Asian stock markets plunged Monday after oil prices nosedived on worries the global economy, weakened by a virus outbreak, might be awash in too much crude.
Tokyo’s benchmark tumbled 5.5%, while Sydney fell 7.3%. Seoul sank 4% and Hong Kong lost 3.6%. Thailand’s SET plummeted 6.8%. Shares also sank in Middle East trading on Sunday.
The latest jolt came from Saudi Arabia, Russia and other oil producers arguing over how much to cut output to prop up prices.
Investors usually welcome lower energy costs for industries and consumers, but in the current atmosphere of anxiety, they were rattled by the abrupt plunge.
“Now that oil spark that really started the selling this morning, it wouldn’t in normal times be as big a deal but coming in as it does at this stage of the market cycle, it sparked real fear among investors and we are seeing wholesale panic across the market today,” said Michael McCarthy of CMC Markets.
Investors already were on edge about the mounting costs of the coronavirus outbreak that began in China and has disrupted travel and trade. Anxiety rose after Italy announced it was isolating cities and towns with some 16 million people, or more than one quarter of its population.
“Investors should brace for volatility,” James Trafford of Fidelity International said in a report.
A recovery in oil and stock prices “will require some stabilization in the coronavirus data points” or signs of agreement among crude producers, Trafford said.
Tokyo’s Nikkei 225 fell to 20,347.19 after the government reported the economy contracted 7% in the October-December quarter, worse than the original estimate of a 6.3% decline. That was before the viral outbreak slammed tourism and travel but after a sales tax hike dented consumers’ appetite for spending.
Hong Kong’s Hang Seng sank to 25,321.28. The Shanghai Composite Index was off 2.4% at 2,989.21. The S&P-ASX 200 in Sydney fell to 6,132.6. The Kospi in Seoul declined to 1,989.50.
India’s Sensex lost 4.3% to 35,983.91. Markets in Taiwan, New Zealand and Southeast Asia also declined.
Benchmark U.S. crude fell 32%, or $13.23, to $28.05 per barrel in electronic trading on the New York Mercantile Exchange. Brent crude, the international standard, lost 30%, or $13.44, to $33.83 per barrel in London.
Investors have been shifting into Japanese yen, long considered a safe haven, and on Monday the dollar sank to 102.56 yen from Friday’s 105.29 yen. The euro advanced to $1.1421 from $1.1285.
Companies have been hit by travel and other controls that are spreading worldwide as the global number of coronavirus infections rose past 110,000 worldwide.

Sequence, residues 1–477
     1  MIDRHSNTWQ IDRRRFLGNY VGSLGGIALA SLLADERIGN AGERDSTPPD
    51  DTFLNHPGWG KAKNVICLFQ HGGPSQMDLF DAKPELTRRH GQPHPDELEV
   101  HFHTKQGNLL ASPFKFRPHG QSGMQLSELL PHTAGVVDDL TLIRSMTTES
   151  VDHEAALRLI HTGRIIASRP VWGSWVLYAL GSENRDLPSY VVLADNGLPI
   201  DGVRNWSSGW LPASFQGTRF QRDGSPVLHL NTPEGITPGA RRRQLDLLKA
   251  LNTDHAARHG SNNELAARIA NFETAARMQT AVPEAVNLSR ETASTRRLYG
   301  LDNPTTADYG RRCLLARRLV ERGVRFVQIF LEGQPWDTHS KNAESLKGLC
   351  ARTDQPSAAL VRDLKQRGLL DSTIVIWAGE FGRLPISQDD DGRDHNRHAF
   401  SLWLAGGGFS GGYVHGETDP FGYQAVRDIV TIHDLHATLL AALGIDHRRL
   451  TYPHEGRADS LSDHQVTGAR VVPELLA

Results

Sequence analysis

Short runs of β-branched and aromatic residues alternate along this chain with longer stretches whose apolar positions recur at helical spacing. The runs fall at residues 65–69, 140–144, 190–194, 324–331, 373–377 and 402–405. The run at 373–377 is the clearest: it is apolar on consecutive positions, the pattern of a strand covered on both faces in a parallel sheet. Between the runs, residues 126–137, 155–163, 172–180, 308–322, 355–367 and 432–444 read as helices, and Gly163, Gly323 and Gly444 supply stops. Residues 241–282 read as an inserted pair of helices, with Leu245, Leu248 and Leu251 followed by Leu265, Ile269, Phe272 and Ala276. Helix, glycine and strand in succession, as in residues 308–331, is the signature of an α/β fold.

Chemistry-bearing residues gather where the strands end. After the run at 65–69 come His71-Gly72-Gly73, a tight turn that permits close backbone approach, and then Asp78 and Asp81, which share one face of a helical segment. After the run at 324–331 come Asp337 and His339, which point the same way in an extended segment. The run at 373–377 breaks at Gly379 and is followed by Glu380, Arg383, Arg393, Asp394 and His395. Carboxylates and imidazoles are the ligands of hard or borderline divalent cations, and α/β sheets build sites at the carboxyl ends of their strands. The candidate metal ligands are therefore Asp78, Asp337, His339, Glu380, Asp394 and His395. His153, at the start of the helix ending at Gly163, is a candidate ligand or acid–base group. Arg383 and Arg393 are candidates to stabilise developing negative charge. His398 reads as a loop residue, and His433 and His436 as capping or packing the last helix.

Apple Inc. says slowdowns in manufacturing iPhones in China will hurt its sales totals. An airline industry group says carriers could lose as much as $113 billion in potential ticket sales.
Adding to pessimism, China reported Saturday that its exports fell 17% and imports were off 4% from a year earlier in January and February after Beijing shut factories, offices and shops in the most severe anti-disease measures ever imposed.
Central banks worldwide have cut interest rates. But economists warn that while that might help to encourage consumer and corporate spending, it cannot reopen factories that are shut due to quarantines or a lack of workers and raw materials.
Investors are looking ahead to a meeting Thursday of the European Central Bank, which is widely expected to announce new stimulus measures.
Chinese factories that make the world’s smartphones, toys and other consumer goods are gradually reopening but aren’t expected to return to normal production until at least April. That weighs on demand for imports of components and raw materials from China’s Asian neighbors.
Already last week, global stocks were sinking as the spread of the virus prompted governments to follow China’s lead by imposing travel controls and canceling public events.
The U.S. Federal Reserve’s emergency 0.5% cut in its key lending rate failed to reverse the downturn.
The yield on the 10-year Treasury, already at record lows, has dropped to 0.53% from 0.7% late Friday.
The yield — the difference between a bond’s market price and what investors will receive if they hold it to maturity — is an indicator of the market’s outlook on the economy. Rising market prices that cause the yield to narrow indicate investors are shifting money into bonds as a safe haven.
“Global recession risks have risen,” Moody’s Investors Service said in a report. “A sustained pullback in consumption, coupled with extended closures of businesses, would hurt earnings, drive layoffs and weigh on sentiment.”
On Wall Street, the benchmark S&P 500 fell 1.7% on Friday. The Dow Jones Industrial Average lost 1% and the Nasdaq composite, which has a large share of technology companies, fell 1.9%.